How To Get Approved For A $5,000 Loan With Bad Credit

May 10, 2020 Personal Loans
How To Get Approved For A $5,000 Loan With Bad Credit

Getting approved for a $5,000 loan when you have bad credit is difficult. Your options are limited and you can face high interest rates and fees.

Below, we list the pros and cons of taking out a loan with bad credit, along with our best tips for acquiring an unsecured personal loan with bad credit and your potential alternatives.

Pros

  • You can fill out a quick and easy online application, which can save you time and connect you with multiple lenders who offer competitive rates and terms.
  • You will deal with minimal or no credit checks. (Example: A no credit check auto loan.) These lenders accept bad credit or no credit and don't authorize any credit checks.

Cons

  • Emergency personal loans, payday loans, signature loans, and auto title loans come with high interest rates and fees, although these are capped by state regulations. (Most interest rates are maxed out at 36%.)
  • There are many lenders who prey on bad credit borrowers, so be sure to check real customer reviews on TrustPilot and ratings on the BBB.

Our Tips For Getting Approved For A Loan With Bad Credit

Finding a loan with low interest rates is difficult when you have bad credit, but there are some steps you can take to make sure you get the best possible loan:

  • Work on improving your credit. Your credit score determines the rates and terms you receive. Improving your credit opens up a world of possibilities for you.
  • If you have time, spend a few months making on-time payments and paying down high-balance credit cards (if possible).
  • You can also consider taking out a secured credit card or take out a credit builder loan.
  • Repair your credit. You can order a copy of your credit reports from the three bureaus (Experian, Equifax, and TransUnion) and look through them for any errors. (You can get a copy of your three-bureau credit reports once a year for free at AnnualCreditReport.com.)
  • If you find any inaccurate and negative information on your report, you can dispute them to have it removed. You can either do this on your own or hire a reputable credit repair company.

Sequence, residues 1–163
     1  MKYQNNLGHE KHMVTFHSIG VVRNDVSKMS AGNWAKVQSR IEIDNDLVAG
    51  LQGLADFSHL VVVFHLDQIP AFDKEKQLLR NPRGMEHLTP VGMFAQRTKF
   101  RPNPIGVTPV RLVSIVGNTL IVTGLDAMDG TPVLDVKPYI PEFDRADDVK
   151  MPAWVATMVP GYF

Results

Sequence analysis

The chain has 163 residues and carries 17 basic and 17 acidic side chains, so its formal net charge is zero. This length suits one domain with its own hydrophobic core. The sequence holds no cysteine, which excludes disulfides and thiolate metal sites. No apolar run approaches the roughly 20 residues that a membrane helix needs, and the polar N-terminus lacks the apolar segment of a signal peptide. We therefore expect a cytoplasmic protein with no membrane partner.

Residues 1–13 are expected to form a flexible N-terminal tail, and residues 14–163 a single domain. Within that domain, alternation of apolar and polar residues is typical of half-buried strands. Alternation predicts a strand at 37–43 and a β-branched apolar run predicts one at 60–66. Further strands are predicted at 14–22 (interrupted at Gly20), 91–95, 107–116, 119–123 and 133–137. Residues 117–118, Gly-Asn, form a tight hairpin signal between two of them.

• While most personal loans are unsecured, you can consider finding a lender that allows you to apply for a secured loan using an asset (like your vehicle) as collateral.
  • You may consider asking a trusted family member or friend with good credit to be a cosigner on your loan. However, this puts your cosigner at risk if you default on your loan.
  • Contact your lender to check their eligibility requirements before you apply.
  • Compare all of your loan options carefully before you submit one. This includes looking to peer-to-peer lending platforms and local banks or credit unions.   If you are looking specifically to purchase a car, look to auto lenders who cater to borrowers with bad credit.   Credit unions often offer emergency loans for borrowers with bad credit and may even offer lower interest rates and better terms since they look at your finances beyond just your credit.
  • A $5,000 loan generally has a shorter repayment period, so each monthly payment (along with the interest rates) can be fairly high. Many lenders offer an online repayment calculator for you to double-check the cost.

Alternatives To $5,000 Personal Loans

You already know to expect high interest rates and fees when you take out a loan with bad credit, so it's in your best interest to look into other funding options.

Below, we list some alternate options for you before you consider a $5,000 loan:

  • If you are a homeowner, you can use your home for a home equity loan or line of credit to fund your expenses. Since your house is used as collateral, you are more likely to be approved for financing with lower interest rates.   Your home equity and creditworthiness determine how much you can ultimately borrow, but keep in mind that you should never use collateral like a home unless you are completely sure that you can repay your loan in full. Failing to do so can result in the loss of your property.
  • Turn to local resources such as government agencies, local charities, nonprofits, and religious organizations which help with rent and utilities for those in need.
  • If you are trouble making payments on time, ask your bill providers for a payment extension.
  • Ask your employer for a paycheck advance.